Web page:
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I’m trying to imagine what it was like for Walt Whitman to kiss a man. Not
because I want to kiss a man
(and if I did, certainly not “one of the roughs,” the unwashed, uneducated type
but because of how dangerous it must have been, how surreptitious it must have
felt, in whatever windowless room or corner of some uncultivated field at
the edge of a forest.
How wild and how private, even in their minds, there being no words—not
exactly, not yet—for what they were doing, even though Whitman knew
words for every class and phylum of weed, wildflower and leaf crunching
beneath the fuselages of their bodies on this cold earth.
And this other man—perhaps a blacksmith’s apprentice—certainly had no word,
unless it was just kissing,
yet isn’t that what men and women did? This was more like wrestling, a little rank
and sour, but good, though hard even to say that.
How exactly did you find another homosexual in 1850? Could you even have
called your loneliness “suffering”? Compared to what? What history
had Whitman of himself, and what future could he have possibly imagined?
He once gave a gold ring to a young man, pressed it into his palm, though the
had already given a ring of his own to the woman he would marry, and the two
men’s correspondence would fade with the seasons.
There were still younger men, soldiers in hospital cots, scared, missing limbs,
and Walt, kind stranger, hovered there
transcribing their last words to their mothers, leaning down to offer Earth’s final
But most of all I wonder how he came to believe his desires were natural and
sacred, or was it something he knew in his gut?
Whitman, who knew more about the sacred than anybody, who could inhabit
anyone or thing—
the dung beetle, the soprano in the choir loft, the demented, the hunted slave—
but where, even in his universe, could a man kiss a man?
The icons on his apartment wall—the Buddha, Osiris, Jesus Christ—told him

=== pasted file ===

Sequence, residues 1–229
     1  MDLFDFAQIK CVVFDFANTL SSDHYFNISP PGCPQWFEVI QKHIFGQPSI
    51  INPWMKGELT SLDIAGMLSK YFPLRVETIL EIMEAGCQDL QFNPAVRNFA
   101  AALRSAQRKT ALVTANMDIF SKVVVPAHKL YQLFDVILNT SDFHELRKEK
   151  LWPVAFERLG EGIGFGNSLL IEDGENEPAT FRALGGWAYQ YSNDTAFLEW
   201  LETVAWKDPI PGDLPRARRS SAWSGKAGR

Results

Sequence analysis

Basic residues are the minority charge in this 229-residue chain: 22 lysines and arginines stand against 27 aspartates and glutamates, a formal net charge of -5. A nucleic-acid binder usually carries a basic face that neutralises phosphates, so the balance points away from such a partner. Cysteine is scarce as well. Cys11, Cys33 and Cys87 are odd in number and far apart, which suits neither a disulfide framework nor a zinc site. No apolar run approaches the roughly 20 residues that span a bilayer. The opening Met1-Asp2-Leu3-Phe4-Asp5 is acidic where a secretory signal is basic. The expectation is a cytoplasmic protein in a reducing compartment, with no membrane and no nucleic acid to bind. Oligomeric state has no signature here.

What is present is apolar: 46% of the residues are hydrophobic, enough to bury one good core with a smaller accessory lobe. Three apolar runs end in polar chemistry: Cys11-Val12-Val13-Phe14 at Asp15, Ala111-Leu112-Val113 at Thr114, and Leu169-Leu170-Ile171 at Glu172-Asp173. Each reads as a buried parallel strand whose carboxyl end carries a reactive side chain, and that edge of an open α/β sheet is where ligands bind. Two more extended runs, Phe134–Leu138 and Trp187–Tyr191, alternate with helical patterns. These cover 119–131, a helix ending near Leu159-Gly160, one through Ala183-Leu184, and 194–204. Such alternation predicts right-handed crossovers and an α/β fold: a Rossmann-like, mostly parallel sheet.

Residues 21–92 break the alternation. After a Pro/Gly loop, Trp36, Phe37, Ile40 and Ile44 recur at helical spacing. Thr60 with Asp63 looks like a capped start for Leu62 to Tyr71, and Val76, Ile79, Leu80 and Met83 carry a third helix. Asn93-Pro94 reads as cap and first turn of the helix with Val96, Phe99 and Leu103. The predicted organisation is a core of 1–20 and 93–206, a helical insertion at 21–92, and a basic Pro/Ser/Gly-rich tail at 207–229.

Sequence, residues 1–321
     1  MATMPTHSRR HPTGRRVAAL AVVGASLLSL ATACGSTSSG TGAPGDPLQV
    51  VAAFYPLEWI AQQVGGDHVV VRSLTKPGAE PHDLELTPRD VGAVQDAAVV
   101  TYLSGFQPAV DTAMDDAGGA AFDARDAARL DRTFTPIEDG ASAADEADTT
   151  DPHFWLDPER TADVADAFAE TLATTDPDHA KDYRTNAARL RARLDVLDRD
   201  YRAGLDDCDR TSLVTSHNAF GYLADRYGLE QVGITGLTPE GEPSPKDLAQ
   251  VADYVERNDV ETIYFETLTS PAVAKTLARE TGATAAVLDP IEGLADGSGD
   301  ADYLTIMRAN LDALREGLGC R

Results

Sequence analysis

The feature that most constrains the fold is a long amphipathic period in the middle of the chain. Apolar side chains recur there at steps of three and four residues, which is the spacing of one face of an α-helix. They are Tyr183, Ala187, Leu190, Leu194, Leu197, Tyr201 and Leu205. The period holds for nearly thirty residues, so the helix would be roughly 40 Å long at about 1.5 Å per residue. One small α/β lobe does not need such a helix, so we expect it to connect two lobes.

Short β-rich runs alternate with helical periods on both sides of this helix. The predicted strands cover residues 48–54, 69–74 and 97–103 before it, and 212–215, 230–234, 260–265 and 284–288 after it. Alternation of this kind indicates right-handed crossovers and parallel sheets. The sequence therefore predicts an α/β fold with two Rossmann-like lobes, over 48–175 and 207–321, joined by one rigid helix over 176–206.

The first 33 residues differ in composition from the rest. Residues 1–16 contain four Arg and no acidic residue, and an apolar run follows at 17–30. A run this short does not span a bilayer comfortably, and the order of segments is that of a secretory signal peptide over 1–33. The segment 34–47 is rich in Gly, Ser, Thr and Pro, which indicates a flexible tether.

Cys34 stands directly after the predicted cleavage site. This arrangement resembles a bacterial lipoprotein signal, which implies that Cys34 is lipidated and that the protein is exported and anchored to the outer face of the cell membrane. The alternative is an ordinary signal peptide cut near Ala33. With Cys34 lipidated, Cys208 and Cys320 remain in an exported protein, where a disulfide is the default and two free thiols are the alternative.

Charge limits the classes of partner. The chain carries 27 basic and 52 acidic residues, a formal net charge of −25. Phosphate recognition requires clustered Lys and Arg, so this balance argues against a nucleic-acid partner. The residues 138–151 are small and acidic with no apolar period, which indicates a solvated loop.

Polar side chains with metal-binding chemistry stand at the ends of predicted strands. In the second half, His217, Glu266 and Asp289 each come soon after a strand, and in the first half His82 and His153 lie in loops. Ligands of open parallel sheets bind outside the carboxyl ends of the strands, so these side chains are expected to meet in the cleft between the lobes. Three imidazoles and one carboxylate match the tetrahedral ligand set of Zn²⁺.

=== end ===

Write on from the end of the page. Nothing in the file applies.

I only knew he told me It is as great to be a woman as to be a man. He
whispered up from the page
the shocking possibility of dignity, and not shame, while walking into a room in a
lace dress, using a higher voice,
using my eyes in a womanly way, meeting the eyes of others, then quickly
darting to some low modest place as I settle.
I wanted to blend into the scenery like a late flower—that self-possessed.
“If you die doing this,” someone said, “You’ll have lived for the right thing.”
But by then I was only wondering if I’d ever kiss someone again, and who that
would be, by what word
they would call me, and the surface beneath us—soft bedding? shifting metal
between cars of a train?
Would it be a fugitive kiss or the kiss of a goddess, or just two innocents, here in
the garden of everyone?
Diana Goetsch has written several poetry collections, most recently In America (2017, Rattle) and Nameless Boy (2015, Orchises Press), and is also a literary journalist. Her work has appeared in The New Yorker, Poetry, The American Scholar, The Pushcart Prize Anthology, the Los Angeles Times and the Chicago Tribune. She is the recipient of fellowships from the NEA, the New York Foundation for the Arts, and The New School, where she was the 2017 Grace Paley Teaching Fellow.
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